Selling your practice?

As many dentists have found, there has been a dramatic increase in the value of dental practices over the last few years, prompting a number of dentists to seriously consider selling their practices earlier than planned.

In recent times practice values have been driven upwards by unprecedented demand from both ‘Body Corporates’ and individual dentists. However, we have now seen values stabilise in the market, with Practices generally commanding less of a premium price.

One key factor influencing dental practice sales is the availability of finance for potential purchasers. Media attention applies a broad brush to this issue, claiming that banks are failing to lending money to businesses. However in our own experience this is not the case for the ‘Healthcare’ sector. Indeed the most frequently asked question during an acquisition meeting is “Can someone raise the finance to buy my practice?” Dentists should be encouraged that Banks view Healthcare as relatively a ‘low risk’ sector. Despite this they will look very carefully at each proposition and we are often called upon to provide our (second) opinion on a practice value.

This highlights the need for anyone considering a sale to be fully prepared. Preparation should begin well before marketing of the practice. Some values that have been bantered around are just unrealistic and give false hope, whilst some dentists believe their practice to be worth significantly less than the market value. In a minority of cases some dentists even feel their practice is not saleable.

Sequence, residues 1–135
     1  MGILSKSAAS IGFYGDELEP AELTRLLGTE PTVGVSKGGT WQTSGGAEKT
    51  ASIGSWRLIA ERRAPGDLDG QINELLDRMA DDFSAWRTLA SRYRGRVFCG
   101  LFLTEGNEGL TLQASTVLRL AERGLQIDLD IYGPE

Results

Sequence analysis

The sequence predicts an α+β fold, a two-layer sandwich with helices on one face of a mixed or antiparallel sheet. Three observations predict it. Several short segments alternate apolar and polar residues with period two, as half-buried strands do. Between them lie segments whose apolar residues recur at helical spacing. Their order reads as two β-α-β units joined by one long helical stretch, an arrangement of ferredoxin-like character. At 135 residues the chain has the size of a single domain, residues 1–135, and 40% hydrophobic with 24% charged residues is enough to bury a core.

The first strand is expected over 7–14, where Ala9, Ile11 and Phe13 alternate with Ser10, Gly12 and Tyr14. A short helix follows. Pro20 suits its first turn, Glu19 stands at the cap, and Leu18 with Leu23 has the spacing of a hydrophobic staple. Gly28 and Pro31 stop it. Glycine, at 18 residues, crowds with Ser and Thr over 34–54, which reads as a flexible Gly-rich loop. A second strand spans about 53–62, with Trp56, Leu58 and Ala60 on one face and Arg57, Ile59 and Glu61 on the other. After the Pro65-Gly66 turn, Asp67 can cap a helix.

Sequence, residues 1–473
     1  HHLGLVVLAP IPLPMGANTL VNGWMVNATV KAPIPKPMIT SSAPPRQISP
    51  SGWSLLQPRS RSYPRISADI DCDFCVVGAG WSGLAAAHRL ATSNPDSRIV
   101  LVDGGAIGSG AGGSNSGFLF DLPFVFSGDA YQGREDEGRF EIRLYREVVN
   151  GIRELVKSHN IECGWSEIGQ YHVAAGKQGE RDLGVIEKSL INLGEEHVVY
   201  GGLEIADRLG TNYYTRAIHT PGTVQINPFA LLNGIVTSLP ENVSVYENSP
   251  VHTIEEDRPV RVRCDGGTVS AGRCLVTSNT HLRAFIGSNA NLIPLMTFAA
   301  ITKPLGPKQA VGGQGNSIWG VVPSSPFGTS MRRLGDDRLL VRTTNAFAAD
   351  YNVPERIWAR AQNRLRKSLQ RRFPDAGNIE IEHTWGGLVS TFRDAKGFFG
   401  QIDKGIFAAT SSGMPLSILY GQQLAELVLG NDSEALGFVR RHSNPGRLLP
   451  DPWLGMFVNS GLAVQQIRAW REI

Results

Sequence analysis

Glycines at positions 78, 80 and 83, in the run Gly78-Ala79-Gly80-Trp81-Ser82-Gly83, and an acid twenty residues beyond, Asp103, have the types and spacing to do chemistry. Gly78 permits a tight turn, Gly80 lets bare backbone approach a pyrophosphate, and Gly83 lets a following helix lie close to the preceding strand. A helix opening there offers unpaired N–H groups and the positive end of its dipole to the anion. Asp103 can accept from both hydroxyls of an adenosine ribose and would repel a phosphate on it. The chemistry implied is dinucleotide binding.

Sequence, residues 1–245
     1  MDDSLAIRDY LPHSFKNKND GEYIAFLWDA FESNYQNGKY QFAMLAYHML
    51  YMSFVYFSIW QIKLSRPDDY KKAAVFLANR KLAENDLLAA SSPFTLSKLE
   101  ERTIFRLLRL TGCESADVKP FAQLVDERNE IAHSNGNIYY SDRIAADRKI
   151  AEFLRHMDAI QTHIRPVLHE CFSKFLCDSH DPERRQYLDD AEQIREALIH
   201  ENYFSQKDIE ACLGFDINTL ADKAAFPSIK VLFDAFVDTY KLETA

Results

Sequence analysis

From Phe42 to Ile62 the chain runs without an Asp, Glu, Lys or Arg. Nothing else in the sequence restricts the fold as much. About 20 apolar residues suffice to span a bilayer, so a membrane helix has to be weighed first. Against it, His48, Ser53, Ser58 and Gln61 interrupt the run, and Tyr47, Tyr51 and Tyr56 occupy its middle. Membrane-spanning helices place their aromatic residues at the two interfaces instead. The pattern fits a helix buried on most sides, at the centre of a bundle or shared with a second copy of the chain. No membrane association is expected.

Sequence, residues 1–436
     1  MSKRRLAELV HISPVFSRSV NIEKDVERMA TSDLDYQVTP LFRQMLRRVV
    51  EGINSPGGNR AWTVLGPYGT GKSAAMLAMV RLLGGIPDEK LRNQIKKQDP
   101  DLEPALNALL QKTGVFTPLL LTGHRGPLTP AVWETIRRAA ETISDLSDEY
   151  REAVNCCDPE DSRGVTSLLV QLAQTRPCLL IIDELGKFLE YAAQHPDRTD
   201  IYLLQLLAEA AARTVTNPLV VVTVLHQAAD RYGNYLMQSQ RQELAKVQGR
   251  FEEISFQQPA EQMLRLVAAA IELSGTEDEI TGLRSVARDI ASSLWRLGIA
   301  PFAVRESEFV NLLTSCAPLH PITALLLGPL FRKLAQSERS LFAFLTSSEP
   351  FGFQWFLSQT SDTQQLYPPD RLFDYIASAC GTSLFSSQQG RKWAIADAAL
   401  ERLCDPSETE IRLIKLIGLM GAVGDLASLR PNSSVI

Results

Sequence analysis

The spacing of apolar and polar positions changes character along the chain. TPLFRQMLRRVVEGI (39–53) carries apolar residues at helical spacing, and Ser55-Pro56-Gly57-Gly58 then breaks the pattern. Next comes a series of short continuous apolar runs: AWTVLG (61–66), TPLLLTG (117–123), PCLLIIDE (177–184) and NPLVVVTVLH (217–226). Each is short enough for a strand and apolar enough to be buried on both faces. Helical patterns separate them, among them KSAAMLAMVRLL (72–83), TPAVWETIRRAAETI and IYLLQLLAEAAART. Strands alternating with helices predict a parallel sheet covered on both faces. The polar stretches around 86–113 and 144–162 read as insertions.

I suggest seeking professional advice from people who know and understand the market. Although we have seen a general increase in values in recent times this can vary significantly dependent upon on the practice type and location. Having a professional valuation is vital in correctly pricing your practice and achieving a sale within acceptable timescales.

In selling your practice a professional agent will take a significant burden from you, dealing with marketing, enquiries, negotiations and ensuring a smooth legal process. Although there is a cost involved in instructing an agent, there is a two-fold benefit to this: Firstly you save time, which can be better utilised treating patients and keeping gross fees up. Secondly where an experienced agent handles negotiations with multiple purchasers, the price paid is inevitably driven higher.

A practice sale is always a complex process and one most dentists choose to undertake only once in their career. With the emotional strain of finding a suitable buyer, the financial impact on the negotiations and the time involved, I believe that instructing an agent can pay dividends.

Author – Martyn Bradshaw of PFM


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